3b – John Hughes: Hughes was characterized as a reach when he was selected in the third round, but he has been a solid player on the defensive line. He has started and has provided solid depth in the rotation.
4a – Travis Benjamin: There are times when Benjamin has flashed his big play making ability, but he has been dinged up throughout the season. Could be the team’s kick returner moving forward and can make the big plays down the field in the offense with his blazing speed.
4c – James-Michael Johnson: Slowed down with an oblique/rib injury at the end of the preseason, Johnson returned and has assumed the starting role when Scott Fujita was lost for the season. Has speed and could become one of the starters on the outside going forward.
5b – Ryan Miller: Drafted as a player that could provide depth on the offensive line and there has been nothing to disprove he will be able to be a versatile backup and might eventually be able to take a starting position at guard.
6b – Emmanuel Acho: Didn’t show much in preseason and after getting injured was able to get a year on injured reserve. He was outplayed in training camp by undrafted players Craig Robertson and L.J. Fort and will have to step it up to make the team in 2013.
6c – Billy Winn: Clearly the best find in the lower rounds of the draft. Winn won the starting job at defensive tackle over third-round pick John Hughes and has made plays throughout the season. Has the size and athleticism to possibly play defensive end, if needed.
7b – Trevin Wade: Wade had a good preseason to make the team and has gotten experience in the secondary as the injuries mounted. Coaches like him and he could provide depth and eventually push Skrine for time in the sub packages.
7c – Brad Smelley: Looked pretty good in the preseason but as unable to take starting job from Owen Marecic. Shows pass receiving potential, but needs to improve on his blocking skills to play fullback in this offense.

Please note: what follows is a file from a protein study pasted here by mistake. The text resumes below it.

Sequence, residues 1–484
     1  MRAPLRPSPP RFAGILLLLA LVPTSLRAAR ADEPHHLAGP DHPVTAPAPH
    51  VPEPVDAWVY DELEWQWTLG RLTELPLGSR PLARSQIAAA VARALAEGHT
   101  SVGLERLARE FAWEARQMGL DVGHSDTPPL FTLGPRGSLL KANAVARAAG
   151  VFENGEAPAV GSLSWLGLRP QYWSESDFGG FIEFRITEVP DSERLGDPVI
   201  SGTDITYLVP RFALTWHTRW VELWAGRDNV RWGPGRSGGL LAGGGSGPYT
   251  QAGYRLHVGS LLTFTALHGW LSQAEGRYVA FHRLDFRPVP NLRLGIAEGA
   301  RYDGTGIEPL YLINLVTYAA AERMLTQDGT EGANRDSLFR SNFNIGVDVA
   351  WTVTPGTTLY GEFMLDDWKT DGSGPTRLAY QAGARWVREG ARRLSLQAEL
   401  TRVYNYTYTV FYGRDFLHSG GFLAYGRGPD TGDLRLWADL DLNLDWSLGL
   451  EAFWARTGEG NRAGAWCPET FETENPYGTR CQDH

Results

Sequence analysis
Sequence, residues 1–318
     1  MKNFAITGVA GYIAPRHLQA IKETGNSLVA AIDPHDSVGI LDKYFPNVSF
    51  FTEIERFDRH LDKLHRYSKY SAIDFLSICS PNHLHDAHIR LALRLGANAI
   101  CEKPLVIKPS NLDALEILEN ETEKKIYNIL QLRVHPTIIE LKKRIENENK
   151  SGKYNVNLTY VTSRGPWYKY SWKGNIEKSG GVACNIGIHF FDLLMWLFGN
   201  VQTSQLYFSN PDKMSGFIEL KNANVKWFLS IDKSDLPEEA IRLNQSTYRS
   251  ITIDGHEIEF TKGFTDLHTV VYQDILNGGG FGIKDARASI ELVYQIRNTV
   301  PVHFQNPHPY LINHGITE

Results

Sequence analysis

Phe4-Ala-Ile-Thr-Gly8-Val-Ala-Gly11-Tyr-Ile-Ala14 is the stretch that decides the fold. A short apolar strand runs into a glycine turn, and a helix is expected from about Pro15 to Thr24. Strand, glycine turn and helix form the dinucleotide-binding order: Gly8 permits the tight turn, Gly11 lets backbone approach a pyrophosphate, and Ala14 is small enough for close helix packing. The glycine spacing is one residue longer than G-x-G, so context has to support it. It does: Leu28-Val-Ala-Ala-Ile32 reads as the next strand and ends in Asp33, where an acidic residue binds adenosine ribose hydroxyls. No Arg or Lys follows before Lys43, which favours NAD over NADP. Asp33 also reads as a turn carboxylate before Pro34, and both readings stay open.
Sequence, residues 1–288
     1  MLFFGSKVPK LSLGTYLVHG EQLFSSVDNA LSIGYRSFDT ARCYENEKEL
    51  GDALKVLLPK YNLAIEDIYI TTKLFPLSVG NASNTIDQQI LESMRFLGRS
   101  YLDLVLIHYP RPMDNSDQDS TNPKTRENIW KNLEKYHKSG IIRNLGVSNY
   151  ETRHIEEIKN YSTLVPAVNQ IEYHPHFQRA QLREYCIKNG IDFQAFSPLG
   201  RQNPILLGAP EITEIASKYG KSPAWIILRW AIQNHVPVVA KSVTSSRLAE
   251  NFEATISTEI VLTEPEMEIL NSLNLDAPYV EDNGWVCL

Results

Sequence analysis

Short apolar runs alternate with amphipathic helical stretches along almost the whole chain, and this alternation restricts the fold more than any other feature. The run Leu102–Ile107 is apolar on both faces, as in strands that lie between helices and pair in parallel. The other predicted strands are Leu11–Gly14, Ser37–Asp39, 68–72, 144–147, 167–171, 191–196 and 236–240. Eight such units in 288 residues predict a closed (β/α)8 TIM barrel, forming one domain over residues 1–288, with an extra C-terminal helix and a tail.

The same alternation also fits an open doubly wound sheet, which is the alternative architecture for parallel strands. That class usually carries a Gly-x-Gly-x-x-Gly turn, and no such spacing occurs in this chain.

2012 Supplemental Draft
2 – Josh Gordon: Heckert took a big risk in taking Gordon in the second-round as the Browns will forfeit their second pick in the 2013 NFL Draft. As the Browns record is now, the pick would be among the top 40. However, Gordon has steadily progressed after not playing football in 2011 and has emerged as the Browns big play receiver this season. He is one of the leaders in the league in receptions for over 20 yards. He had his breakout game against the Raiders when he caught six passes for 105 yards, including a 44-yard touchdown.
Unrestricted free agents: Frostee Rucker and Juqua Parker
Undrafted free agents and waivers: Heckert appears to have found some pretty good undrafted free agent rookies in Josh Cooper, Tank Carder, Ishmaa’ily Kitchen, Ronnie Cameron, L.J. Fort, Johnson Bademosi, Craig Robertson, Jarrod Shaw and Tashaun Gipson.
Summary: The early returns on the 2012 draft appear fruitful with four rookies starting on offense in Richardson, Weeden, Schwartz and Gordon. Johnson starts on defense. Winn and Hughes are playing key roles and both started when Taylor and Rubin were injured.
The weakest year appears to be 2010 which was Heckert’s first year when he was bringing in players for Mangini’s system. He seems to be much better at bringing in players that fit the system he was accustomed to with the Eagles. Heckert said when he joined the Browns that he would build through the draft and he has. Heckert has drafted 12 of the 22 starters.
Shurmur, who’s future might be linked to Heckert, believes that Heckert has done a good job in bringing in talent.
“Tom knows personnel,” Shurmur said. “I think it’s fair to say that. I can only compare my time here. Last year, our team looked a lot different than it does this year and we’re finding a way to improve. We’ve got some impact players on this football team now that we didn’t have two years ago. That’s a good thing.”
Heckert doesn’t make game day decisions or call the plays. His mandate is to bring in players that fit the system the coaches are running.
By and large Heckert has upgraded the roster and should continue to do so as long as the offensive and defensive philosophies remain the same. The bottom line is Heckert’s tenure has been far from perfect, but he has done the best job in that position since the Browns returned in 1999 and there is no reason to replace him as doing so would only interrupt any continuity and momentum the Browns might have to build on going forward.